During our year of the theme of Our Common Home, we have been asked to focus on water issues. We still have a long way to go to help First Nations address their water woes. From a David Suzuki 2018 report, it is recommended to help by adopting a First Nation-led models for fixing water problems; if you are in communication with your Member of Parliament, it is noteworthy that the funds committed to deal with this for First Nations is only 75% of the need. Our government’s performance on issues, like ensuring First Nations water treatment operators get the same pay as their municipal counterparts, implementing source water protection plans, and matching government policies with the UN Declaration on the Rights of Indigenous Peoples, are areas where governance can help fix water problems. From the report : “ The fact that… there are hundreds of First Nations that are facing a situation where they can’t drink the water, where they can’t bathe their children in the water, where they can’t have a cup of tea, is totally unacceptable and it’s a long-standing injustice that needs to be redressed” How can we help? From a statement from the Canadian Conference of Catholic Bishops, we can avoid bottled water, reduce use, protect rivers and lakes, ensure water remains a public good (Bishop Gordon from Victoria diocese has called on members for a resolution on this point), and make your voice heard that the federal government fulfils its pledge to provide clean drinking water on First Nations reserves.

Also, from our Education and Health National Communique: People across Canada have been reacting to the statement by 11,000 scientists representing more than 153 countries that declared that we have a climate emergency based on scientific evidence. Young people are expanding our thinking, motivating us to care about ecological issues in a broader context, to consider the moral, ethical and spiritual aspects of the actions that caused these challenges. Pope Francis does the same regularly.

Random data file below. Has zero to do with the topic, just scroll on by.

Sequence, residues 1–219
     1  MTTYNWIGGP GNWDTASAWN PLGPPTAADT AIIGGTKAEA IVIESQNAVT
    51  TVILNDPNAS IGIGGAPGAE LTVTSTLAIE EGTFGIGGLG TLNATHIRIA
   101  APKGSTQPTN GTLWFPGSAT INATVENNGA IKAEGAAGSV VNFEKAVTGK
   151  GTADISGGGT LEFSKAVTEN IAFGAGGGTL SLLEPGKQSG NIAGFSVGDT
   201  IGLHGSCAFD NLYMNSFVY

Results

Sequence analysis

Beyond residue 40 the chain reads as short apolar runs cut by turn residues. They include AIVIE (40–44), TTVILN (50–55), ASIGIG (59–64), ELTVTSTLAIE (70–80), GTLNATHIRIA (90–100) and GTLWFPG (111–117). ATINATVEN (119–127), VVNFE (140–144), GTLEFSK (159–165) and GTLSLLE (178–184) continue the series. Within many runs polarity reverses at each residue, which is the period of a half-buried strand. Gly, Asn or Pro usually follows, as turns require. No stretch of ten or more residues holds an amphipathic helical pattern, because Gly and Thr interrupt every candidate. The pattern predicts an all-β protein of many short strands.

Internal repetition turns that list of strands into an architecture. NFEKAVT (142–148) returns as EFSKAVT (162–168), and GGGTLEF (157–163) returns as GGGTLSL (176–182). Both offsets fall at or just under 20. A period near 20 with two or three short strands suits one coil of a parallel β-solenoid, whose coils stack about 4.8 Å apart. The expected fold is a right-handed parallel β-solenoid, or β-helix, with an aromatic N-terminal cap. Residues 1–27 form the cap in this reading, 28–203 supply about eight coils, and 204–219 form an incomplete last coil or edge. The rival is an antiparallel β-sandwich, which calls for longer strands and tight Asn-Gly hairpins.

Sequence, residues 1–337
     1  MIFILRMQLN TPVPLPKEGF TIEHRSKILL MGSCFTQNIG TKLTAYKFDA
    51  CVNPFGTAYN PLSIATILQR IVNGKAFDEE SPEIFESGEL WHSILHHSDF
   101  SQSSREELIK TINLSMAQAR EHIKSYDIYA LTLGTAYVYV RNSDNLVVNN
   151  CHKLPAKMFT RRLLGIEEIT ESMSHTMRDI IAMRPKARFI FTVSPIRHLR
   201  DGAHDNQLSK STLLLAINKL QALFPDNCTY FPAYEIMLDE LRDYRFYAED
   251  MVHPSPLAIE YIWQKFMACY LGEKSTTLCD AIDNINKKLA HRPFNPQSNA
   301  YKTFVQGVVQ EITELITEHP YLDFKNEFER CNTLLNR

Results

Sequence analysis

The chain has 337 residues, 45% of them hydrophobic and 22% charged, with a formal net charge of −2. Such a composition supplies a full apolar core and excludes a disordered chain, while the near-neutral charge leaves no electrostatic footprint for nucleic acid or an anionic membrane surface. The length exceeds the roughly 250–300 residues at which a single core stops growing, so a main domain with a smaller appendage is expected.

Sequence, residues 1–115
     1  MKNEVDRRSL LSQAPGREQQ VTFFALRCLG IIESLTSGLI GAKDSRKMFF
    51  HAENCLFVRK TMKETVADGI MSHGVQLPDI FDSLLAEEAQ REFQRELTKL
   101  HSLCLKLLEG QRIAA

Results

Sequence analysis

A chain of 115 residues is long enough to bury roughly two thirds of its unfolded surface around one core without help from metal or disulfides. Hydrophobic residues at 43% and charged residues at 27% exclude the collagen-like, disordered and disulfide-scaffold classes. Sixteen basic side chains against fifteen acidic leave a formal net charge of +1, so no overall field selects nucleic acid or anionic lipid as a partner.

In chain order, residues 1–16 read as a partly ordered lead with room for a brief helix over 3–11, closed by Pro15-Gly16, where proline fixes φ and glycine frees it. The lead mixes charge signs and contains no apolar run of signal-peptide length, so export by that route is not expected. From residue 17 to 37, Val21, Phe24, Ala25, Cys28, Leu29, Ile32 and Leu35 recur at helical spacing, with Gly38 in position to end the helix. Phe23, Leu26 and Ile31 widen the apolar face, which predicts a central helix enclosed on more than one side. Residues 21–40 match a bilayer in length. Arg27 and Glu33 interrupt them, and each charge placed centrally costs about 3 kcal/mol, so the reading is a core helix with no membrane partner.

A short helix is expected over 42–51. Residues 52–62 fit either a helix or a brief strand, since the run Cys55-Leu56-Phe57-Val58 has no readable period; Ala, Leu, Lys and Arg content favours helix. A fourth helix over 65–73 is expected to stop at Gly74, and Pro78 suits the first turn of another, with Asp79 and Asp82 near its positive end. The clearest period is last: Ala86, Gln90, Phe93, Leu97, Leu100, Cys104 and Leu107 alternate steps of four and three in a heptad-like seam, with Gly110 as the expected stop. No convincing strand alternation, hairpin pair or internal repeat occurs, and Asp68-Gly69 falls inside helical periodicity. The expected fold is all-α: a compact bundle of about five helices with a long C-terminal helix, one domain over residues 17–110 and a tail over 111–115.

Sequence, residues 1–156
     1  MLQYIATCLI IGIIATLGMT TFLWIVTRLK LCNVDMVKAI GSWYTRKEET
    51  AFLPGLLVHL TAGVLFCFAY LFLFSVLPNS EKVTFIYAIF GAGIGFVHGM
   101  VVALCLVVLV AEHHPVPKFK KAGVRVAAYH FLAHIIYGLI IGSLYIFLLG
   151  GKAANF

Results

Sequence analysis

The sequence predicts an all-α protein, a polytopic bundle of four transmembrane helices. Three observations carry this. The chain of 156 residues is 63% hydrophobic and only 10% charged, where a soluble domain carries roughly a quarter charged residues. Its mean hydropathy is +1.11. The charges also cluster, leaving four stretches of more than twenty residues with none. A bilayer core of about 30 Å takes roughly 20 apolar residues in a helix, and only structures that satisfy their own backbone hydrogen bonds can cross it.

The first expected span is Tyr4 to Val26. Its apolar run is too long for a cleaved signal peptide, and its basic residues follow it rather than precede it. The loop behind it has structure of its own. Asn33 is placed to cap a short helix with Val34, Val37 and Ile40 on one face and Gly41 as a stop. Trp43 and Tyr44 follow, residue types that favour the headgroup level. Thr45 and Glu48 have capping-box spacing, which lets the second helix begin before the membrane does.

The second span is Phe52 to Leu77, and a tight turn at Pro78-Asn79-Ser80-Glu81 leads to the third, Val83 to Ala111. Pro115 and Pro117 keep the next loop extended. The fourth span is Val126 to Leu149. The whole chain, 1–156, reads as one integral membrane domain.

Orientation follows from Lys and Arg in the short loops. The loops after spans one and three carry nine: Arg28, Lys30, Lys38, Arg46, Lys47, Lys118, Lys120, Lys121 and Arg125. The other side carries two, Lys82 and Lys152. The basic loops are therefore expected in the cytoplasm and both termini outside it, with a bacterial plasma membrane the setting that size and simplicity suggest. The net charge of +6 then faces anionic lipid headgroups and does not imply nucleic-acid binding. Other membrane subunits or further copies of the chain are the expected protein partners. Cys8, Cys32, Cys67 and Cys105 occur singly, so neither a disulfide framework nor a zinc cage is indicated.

Encourage councils to actively show support for young people who advocate for the earth, especially in raising awareness of the current climate crisis. Convince members to show support and provide hope—it is not too late! Suggest councils take part in marches—members will be impressed by young people’s leadership, organizational skills, ability to make things happen on short notice, the tone and quality of the speeches, and the large turnout of people of all ages.

As we move into the New Year, we are asked to advertise bursaries and scholarships that are available to our members, to help them enhance their personal and spiritual growth, by attending various conferences, seminars and workshops. On the website there is a poster to advertise the BC & Yukon Provincial Molly Boucher Bursary, and the brochure for the National Bursary Fund. Please circulate these among your members.

May you have a blessed and joyful Christmas.

Together in Christ,